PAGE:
That’s something only that perhaps only Conor McGregor knows
More Full Coverage: Floyd Mayweather vs Conor McGregor
Ward, Kovalev Conference Calls Showcase Differences In Character
By: Sean Crose
Kovalev: “I hate him.”
Ward: “He’s a good fighter.”
Kovalev: “He didn’t deserve this belt.”
Ward: “It doesn’t take a close decision to get criticism.”
Kovalev: “I want to punish him.”
Andre Ward. Sergey Kovalev. Two men. Two highly regarded light heavyweights. Opponents. Enemies. Individuals with completely different ways of going about things. Kovalev, who goes by the name of Krusher, has no use for Ward, who squeaked by with a win against him via a controversial decision last fall. Now, with a rematch closing in, the Russian is a man on a mission. “I have a really big motivation for this fight,” he said during a Tuesday conference call. “I want to get back my belt.”
Ward himself had a lot to say during his own Wednesday conference call, but the two media calls couldn’t be further apart. Kovalev, for instance, was all business on Tuesday. Personable, sure (he’s actually a personable guy, Kovalev), but all business. Ward, on the other hand, was eager to talk about things outside of boxing on Wednesday. A religious man, Ward spoke frequently about God and about his own less than showy nature. “At the end of the day,” he said, “I just have to be me.”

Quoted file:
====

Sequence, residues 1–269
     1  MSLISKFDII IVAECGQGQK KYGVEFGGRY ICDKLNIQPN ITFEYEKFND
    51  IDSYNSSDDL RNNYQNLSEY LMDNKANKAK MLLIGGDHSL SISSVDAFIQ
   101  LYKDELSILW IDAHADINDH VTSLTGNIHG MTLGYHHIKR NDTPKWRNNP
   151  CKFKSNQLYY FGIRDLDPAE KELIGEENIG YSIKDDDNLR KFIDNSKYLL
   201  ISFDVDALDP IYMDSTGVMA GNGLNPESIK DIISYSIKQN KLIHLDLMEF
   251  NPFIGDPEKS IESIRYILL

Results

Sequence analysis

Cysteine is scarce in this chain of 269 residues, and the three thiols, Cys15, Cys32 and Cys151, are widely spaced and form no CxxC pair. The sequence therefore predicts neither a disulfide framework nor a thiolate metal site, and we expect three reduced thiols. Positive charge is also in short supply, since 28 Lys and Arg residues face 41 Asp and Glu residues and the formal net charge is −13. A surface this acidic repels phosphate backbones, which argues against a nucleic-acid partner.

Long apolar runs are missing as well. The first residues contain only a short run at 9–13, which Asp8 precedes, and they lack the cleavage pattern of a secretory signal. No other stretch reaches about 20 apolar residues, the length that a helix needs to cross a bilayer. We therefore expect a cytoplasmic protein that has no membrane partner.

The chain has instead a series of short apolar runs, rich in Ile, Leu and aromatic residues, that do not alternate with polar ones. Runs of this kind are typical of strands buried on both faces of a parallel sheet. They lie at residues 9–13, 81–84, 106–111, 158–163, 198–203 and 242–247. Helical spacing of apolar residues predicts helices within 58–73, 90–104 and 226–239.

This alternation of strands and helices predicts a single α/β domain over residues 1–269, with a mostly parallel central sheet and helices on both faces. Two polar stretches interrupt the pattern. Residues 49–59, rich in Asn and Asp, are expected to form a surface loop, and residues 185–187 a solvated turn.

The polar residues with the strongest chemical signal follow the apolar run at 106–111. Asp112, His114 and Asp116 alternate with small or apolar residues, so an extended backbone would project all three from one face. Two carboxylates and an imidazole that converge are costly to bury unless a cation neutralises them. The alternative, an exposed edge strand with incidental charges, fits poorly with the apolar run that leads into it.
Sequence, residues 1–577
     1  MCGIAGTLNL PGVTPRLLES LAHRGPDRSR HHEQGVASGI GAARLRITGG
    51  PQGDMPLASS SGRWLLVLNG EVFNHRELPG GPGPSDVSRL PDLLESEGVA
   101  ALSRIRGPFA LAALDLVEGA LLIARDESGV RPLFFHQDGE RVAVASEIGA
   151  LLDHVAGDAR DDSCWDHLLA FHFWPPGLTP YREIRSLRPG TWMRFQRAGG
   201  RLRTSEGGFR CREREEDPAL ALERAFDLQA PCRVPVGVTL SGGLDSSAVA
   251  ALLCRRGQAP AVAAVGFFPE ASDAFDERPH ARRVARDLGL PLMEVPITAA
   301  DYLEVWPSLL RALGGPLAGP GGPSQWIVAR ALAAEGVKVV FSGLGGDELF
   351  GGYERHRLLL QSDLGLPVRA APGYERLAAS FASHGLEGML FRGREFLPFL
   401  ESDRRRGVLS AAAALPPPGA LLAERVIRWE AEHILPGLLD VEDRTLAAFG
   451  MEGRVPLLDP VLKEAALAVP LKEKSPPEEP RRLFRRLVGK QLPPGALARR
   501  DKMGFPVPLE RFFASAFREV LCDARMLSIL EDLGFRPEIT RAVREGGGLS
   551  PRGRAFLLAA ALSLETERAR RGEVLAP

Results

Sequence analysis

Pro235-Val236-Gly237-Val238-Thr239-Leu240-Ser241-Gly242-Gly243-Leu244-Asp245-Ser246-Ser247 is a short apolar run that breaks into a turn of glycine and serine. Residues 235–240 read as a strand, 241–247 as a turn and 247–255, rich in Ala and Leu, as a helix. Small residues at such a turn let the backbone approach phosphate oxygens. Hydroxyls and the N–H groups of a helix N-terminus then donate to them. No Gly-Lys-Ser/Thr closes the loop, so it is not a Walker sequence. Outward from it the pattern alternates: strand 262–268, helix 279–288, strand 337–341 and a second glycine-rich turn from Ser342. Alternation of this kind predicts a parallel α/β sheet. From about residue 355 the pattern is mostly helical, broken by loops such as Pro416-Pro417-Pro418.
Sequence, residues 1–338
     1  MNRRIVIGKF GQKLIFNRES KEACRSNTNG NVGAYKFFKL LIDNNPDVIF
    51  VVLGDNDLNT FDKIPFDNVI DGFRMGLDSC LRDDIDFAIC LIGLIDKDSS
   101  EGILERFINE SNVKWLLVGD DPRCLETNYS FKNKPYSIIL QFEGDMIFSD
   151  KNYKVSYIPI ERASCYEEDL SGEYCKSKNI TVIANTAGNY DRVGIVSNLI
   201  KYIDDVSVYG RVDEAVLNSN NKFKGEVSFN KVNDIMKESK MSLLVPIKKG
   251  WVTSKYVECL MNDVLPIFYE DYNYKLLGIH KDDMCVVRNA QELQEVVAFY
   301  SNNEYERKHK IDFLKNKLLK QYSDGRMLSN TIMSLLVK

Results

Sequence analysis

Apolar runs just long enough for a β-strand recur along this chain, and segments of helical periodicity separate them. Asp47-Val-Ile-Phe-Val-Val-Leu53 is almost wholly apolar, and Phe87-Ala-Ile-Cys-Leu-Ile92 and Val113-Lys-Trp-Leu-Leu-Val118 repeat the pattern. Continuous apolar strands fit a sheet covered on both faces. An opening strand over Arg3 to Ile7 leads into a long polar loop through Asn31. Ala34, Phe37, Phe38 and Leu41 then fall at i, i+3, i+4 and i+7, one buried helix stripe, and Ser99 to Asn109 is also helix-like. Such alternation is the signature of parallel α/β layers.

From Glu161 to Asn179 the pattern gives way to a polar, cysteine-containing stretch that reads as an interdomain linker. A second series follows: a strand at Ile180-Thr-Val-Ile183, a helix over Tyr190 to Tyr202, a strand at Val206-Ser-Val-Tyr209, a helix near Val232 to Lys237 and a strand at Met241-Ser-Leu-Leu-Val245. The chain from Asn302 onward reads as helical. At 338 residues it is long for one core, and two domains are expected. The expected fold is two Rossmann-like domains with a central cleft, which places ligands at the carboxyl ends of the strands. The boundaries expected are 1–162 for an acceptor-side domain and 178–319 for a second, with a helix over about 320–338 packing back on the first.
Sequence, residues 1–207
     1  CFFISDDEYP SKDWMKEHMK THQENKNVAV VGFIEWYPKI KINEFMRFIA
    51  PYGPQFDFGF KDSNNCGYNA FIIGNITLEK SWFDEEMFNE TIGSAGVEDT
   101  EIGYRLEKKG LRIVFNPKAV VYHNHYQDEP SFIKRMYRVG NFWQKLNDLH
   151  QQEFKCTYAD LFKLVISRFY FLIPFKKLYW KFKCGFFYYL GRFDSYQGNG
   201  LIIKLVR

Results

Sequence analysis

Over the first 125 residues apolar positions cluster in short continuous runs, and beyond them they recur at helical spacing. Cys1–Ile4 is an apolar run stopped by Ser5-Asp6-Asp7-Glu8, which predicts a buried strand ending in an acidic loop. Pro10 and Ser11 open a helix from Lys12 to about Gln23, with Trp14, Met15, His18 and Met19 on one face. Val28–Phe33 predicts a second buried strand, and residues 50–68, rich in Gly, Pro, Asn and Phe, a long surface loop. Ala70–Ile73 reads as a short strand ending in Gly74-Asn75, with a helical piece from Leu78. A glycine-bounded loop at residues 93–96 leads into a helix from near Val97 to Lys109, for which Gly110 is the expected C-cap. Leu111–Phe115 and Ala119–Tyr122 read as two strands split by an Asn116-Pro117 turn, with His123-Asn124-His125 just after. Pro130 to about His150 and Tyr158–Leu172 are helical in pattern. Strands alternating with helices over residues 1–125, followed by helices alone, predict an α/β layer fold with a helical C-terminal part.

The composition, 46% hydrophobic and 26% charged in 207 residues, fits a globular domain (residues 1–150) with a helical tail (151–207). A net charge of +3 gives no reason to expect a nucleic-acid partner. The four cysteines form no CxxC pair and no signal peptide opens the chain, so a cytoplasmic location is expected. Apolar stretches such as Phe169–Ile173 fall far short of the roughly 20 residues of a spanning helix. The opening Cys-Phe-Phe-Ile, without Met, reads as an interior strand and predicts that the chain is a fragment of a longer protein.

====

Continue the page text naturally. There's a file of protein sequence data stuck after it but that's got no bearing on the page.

Ironically enough, the Ward-Kovalev rematch, which will go down in Vegas a week from Saturday, looks to be the last time the two men will meet in the ring. That might be a shame. The fighters are so different that they make interesting opposition. Yet there’s intense dislike in play between the two fighter’s camps. “No more rematch clause,” promoter Kathy Duva claimed. “This is it.” Here’s hoping Andre-Sergey 2 brings some closure to the whole saga. “There’s no obligation,” Duva reiterated, “for there to be a rematch.”
With that in mind, it’s worth wondering if the two Ward-Kovalev matches will have as little in common as the fighters themselves do. I asked Kovalev trainer John David Jackson if he felt team Ward might make adjustments this time around. “They may,” Jackson said. Yet he made it clear he felt there wasn’t much Ward could do. “What adjustments can Ward make?” he asked. “He can’t get much more ready than he is now.” The respected trainer then indicated that Ward will change his performance at his own risk, stating that if Ward fights differently, “he’s playing Russian Roulette and he’s going to get clipped.”
For his own part, Ward trainer Eric Hunter had his own take on what’s to come. “As for this rematch,” he claimed on Wednesday, “all I can say is, oh boy.”